Secretariat of Security and Civilian Protection (Mexico)

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Secretariat of Security and Civilian Protection
Secretaría de Seguridad y Protección Civil
Agency overview
FormedNovember 30, 2018 (2018-11-30)
HeadquartersMexico City
Minister responsible

The Secretariat of Security and Civilian Protection (Spanish: Secretaría de Seguridad y Protección Ciudadana or SSPC) is a cabinet-level agency of the government of Mexico responsible for supervising public safety and security, including the Federal Police, a new National Intelligence Center, and the penitentiary system. Its secretary is Alfonso Durazo.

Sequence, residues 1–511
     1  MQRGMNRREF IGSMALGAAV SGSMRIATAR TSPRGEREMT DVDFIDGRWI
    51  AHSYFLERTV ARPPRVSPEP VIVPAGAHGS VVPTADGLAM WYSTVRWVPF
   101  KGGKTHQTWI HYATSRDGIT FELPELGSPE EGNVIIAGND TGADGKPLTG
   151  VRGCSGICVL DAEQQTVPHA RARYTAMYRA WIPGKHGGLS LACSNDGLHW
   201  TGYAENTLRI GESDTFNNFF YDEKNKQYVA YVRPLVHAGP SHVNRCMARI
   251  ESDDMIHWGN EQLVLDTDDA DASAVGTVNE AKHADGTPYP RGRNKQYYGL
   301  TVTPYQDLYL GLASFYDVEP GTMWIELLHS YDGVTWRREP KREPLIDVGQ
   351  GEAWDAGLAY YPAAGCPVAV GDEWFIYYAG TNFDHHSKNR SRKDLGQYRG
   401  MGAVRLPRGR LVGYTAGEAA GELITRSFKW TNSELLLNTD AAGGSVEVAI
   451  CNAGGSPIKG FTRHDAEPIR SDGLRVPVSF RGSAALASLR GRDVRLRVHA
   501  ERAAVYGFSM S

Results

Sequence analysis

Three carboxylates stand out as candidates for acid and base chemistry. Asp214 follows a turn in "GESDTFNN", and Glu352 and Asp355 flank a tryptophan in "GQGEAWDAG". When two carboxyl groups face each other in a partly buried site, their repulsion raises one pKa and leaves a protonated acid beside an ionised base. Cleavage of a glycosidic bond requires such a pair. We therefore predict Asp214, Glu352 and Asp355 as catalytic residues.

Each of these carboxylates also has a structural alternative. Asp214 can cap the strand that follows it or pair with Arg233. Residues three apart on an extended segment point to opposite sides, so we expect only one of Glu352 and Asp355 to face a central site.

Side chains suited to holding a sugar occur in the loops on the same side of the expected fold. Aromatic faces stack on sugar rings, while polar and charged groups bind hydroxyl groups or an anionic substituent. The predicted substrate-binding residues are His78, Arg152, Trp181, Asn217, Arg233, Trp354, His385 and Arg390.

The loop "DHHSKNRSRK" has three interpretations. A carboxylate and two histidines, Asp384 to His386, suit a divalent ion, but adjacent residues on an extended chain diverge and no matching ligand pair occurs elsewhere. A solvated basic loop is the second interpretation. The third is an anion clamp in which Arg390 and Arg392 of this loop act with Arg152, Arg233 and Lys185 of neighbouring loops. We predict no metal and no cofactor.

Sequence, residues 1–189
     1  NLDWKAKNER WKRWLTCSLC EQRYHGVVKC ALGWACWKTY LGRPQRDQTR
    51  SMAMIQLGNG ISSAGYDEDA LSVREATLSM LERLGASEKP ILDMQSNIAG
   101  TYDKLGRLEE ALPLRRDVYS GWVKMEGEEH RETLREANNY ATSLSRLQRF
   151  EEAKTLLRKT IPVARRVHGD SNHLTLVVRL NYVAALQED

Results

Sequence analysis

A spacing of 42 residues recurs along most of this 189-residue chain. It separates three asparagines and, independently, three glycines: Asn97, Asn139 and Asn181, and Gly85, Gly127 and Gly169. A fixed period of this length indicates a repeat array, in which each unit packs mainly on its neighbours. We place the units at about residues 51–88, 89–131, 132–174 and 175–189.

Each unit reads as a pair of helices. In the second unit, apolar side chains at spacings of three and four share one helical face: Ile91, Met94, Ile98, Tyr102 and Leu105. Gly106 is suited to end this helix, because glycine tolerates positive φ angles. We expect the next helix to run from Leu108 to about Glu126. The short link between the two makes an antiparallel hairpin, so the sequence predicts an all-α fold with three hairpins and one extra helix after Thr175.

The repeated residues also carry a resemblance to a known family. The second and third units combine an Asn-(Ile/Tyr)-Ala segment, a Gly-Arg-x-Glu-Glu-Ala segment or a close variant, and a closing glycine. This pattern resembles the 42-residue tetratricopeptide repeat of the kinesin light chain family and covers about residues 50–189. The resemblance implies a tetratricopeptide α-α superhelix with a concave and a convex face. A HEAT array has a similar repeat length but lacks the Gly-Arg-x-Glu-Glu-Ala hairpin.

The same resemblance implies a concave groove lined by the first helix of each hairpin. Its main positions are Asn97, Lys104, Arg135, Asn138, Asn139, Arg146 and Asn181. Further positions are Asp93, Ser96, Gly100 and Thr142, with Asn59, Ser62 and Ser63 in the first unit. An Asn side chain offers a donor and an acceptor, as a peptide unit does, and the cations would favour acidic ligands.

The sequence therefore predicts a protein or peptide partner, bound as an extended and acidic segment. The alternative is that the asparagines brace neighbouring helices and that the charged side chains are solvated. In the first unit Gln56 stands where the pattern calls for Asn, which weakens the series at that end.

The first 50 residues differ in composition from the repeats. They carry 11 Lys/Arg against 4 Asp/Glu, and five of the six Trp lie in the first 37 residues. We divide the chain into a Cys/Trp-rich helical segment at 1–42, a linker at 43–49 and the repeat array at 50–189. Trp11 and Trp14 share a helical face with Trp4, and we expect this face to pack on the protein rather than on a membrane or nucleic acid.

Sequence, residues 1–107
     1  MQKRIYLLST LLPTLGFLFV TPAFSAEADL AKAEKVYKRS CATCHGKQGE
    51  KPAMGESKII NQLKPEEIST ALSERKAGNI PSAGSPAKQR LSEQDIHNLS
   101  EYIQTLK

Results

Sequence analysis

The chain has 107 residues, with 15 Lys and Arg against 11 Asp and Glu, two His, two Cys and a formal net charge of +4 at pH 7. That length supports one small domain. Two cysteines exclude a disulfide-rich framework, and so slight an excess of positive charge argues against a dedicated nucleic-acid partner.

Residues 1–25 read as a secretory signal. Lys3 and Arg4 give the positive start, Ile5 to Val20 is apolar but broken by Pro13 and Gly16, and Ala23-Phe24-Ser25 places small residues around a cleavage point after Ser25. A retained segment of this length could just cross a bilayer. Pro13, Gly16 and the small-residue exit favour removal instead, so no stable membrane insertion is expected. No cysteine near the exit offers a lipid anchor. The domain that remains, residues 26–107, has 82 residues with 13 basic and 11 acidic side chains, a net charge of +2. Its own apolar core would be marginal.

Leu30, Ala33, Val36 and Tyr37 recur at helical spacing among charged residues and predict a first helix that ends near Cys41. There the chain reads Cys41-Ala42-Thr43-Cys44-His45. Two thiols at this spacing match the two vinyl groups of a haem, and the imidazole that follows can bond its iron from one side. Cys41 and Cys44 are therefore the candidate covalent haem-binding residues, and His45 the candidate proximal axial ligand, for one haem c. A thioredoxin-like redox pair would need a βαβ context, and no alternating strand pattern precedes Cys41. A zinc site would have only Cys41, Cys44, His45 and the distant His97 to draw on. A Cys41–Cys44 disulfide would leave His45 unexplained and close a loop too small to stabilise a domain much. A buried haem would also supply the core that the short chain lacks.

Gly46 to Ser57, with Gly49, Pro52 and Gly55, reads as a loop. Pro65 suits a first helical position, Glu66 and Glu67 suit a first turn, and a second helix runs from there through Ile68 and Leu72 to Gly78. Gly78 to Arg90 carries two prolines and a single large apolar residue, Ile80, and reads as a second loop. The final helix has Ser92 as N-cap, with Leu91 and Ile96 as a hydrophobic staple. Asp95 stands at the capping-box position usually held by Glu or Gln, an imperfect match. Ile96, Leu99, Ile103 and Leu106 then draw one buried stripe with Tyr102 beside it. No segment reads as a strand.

History[edit]

The SSPC was created in 2018 by way of the omnibus reform package to the Organic Law of the Federal Public Administration for the presidency of Andrés Manuel López Obrador. It absorbed all of the security apparatus housed in the Secretariat of the Interior (SEGOB), including the National Security Commission (CNS).[1] These functions had been in SEGOB since the Secretariat of Public Security was dissolved at the start of 2013.

Among the tasks to be undertaken by the new SSPC are the formation of a new National Guard, which will absorb the 35,000 members of the military police and another 8,000 from the naval police.[2]

References[edit]

  1. ^ Notimex (22 November 2018). "Senado aprueba creación de la Secretaría de Seguridad Pública; desaparece Sedesol". El Heraldo de México. Retrieved 1 December 2018.
  2. ^ "Durazo recibe la Secretaría de Seguridad y presenta los 6 ejes que regirán su estrategia". SinEmbargo. 1 December 2018.